Our brutality breeds brutality


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Category: Reflections 05 Jul 15

Loneliness does not come from having no people about one, but from being unable to communicate the things that seem important to oneself, or from holding certain views which others find inadmissible.

—Carl Jung; Memories Dreams and Reflections.

In London last Sunday, in the humidity of a heatwave, I decided to walk through the park to the National Portrait Gallery. I walked slowly, stopping first for a takeaway coffee, I noticed a man and woman sitting across from one another because they were holding hands, not across the table, not under the table, but slightly suspended over the table, making an arch. She was of Indian origin. Dark, short hair. He was slightly overweight, with white, blonde hair leaning into her as she was to him. They saw no one. They looked at one another as if trying to memorise the other. I looked away. Even though it was a public space, I felt I was intruding on a private moment.

It is these moments, I thought, walking down my secret steps to the park, that make all the frustrations of the world bearable. Connecting with somebody so completely that you shut the world out. As I walked through St James park, the courtyard white with sun, the palace guard soldiers, stoic in red uniforms, unsmiling, impervious to the antics of tourists who tried to break their veneer by making monkey faces at them, I thought of dignity. Then I saw dignity; the gay and lesbian couples.

We were walking in sunshine, looking at the profusion of summer flowers, the daisies sloping by the lake, the formal bluebells in the garden beds, heavy green branches dancing in the sun, throwing its shade about here and swans gliding by the willow.

It was a day to be in the open with someone you love. It was not a day to be holed up in a closet. I saw them then. Same-sex couples holding hands. Unlike the couple in the coffee shop, these couples looked up at the passersby to see their reaction. You could see the hesitations. This was new to them. This time, I didn’t look away but spoke to them, the women holding hands with women, the men with men, with my eyes, with complicity.

“I’m so glad you’re free.”

I thought of the idea of a closet. Airless, shut, dark, secret, menacing. I thought of the hate crimes towards gay and lesbian people in Jamaica; that homosexuality remained illegal in T&T; of the gratuitous cruelty towards the gay and lesbian community with derogatory remarks the homophobic wouldn’t use towards their dogs.

In London, the community was speaking with their eyes. Once I began looking, I saw them everywhere that Sunday. Gay and lesbian couples walking hand in hand, heads held high. It was new to them to be demonstrative in public. They were exuberant, sheepish, defiant, emotional, relieved.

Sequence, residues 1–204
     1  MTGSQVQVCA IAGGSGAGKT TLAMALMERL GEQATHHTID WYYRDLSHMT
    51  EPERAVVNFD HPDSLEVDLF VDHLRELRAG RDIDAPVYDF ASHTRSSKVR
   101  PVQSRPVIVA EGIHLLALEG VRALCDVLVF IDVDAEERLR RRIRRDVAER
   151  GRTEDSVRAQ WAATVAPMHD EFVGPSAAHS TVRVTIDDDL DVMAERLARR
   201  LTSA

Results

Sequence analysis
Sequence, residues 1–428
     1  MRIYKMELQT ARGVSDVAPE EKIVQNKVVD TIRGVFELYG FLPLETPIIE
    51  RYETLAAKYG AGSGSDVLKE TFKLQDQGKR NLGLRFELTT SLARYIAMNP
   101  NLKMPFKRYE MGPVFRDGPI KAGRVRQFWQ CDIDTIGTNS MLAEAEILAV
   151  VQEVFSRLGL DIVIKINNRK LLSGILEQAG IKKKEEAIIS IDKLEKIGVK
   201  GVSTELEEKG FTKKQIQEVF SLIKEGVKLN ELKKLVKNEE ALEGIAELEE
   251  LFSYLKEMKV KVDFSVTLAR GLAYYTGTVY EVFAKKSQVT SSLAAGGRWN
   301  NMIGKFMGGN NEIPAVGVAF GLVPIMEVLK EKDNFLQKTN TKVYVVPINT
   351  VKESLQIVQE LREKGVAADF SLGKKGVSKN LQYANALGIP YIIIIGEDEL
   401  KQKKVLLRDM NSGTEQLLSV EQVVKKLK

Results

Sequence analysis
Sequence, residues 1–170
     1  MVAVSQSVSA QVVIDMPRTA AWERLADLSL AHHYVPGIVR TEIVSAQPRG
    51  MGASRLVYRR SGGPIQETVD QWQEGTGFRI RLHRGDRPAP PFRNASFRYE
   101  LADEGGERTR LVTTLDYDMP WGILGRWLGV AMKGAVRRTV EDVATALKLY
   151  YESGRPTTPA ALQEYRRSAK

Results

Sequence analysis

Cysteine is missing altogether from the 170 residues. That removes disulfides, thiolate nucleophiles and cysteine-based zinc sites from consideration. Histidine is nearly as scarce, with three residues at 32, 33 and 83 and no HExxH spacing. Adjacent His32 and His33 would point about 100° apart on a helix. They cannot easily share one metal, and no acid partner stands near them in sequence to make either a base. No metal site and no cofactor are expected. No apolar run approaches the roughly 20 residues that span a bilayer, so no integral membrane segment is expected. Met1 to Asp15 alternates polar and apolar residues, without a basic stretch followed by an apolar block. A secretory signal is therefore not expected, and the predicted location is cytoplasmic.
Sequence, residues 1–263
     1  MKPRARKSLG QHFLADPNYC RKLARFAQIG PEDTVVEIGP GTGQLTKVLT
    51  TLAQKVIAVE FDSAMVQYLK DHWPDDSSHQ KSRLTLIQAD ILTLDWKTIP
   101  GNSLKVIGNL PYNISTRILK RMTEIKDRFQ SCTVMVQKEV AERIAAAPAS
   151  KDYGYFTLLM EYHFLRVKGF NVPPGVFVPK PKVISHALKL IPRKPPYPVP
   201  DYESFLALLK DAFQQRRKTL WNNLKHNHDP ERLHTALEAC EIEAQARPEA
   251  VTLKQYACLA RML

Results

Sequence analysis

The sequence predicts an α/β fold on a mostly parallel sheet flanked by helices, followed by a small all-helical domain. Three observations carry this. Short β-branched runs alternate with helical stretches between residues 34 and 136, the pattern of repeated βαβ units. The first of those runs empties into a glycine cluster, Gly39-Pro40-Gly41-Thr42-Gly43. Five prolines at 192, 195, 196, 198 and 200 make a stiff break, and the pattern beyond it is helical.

It wasn’t the unselfconscious tableau I witnessed in the coffee shop because the dominant emotion was relief. The freedom was so fresh, so new. The US Supreme Court made marriage for same-sex couples legal nationwide the Friday before, declaring that refusing to grant marriage licences to gay and lesbian couples violates the Constitution.

The majority opinion in the five-four decision was written by Justice Anthony Kennedy. “No union is more profound than marriage, for it embodies the highest ideals of love, fidelity, devotion, sacrifice, and family,”

Kennedy wrote. “As some of the petitioners in these cases demonstrate, marriage embodies a love that may endure even past death.”

The Whitehouse was awash with rainbow colours. In Trinidad, there is a taboo associated with writing about the gay and lesbian community because homosexuality is still illegal here. We are that backward. I sense the anguish, the loneliness, the persistent sense of being outsiders in the gays and lesbians.

In our crude, largely illiterate society where machismo has destroyed so many boys, sent them to prison, and abandoned girls to early pregnancy, it’s time we stop being bullies, look at our own infractions and allow equal rights to all our citizens.

Because I’m telling you, if the gay and lesbian community is not being treated equally, well, neither are the poor, nor are domestic workers, nor are the ill, nor are the elderly, nor are the lonely, nor are people in remote rural areas, nor are the illiterate, nor are the disabled.

Our brutality breeds brutality. Our attitude towards the gay and lesbian community shows intolerance for everyone who is discriminated against. The forgotten, the spurned, the invisible amidst us need healing hands. They have been suffocated, judged, ridiculed. That tells us everything about us. Can we look within our hearts and unlock the prejudices within us that will ultimately make us all free? I was thinking all this and when I arrived at the National Portrait Gallery, I saw a flag above it; it had rainbow colours. Art is the embodiment of freedom of expression.

I remembered Obama saying, “When all Americans are treated as equal we are all more free.” Once we help our lonely friends out of the closet we celebrate with them because even as they emerge from darkness, they will allow each of us in our own way to confront and free ourselves from the loneliness of the skeletons in our own cupboards.


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All Articles Copyright Ira Mathur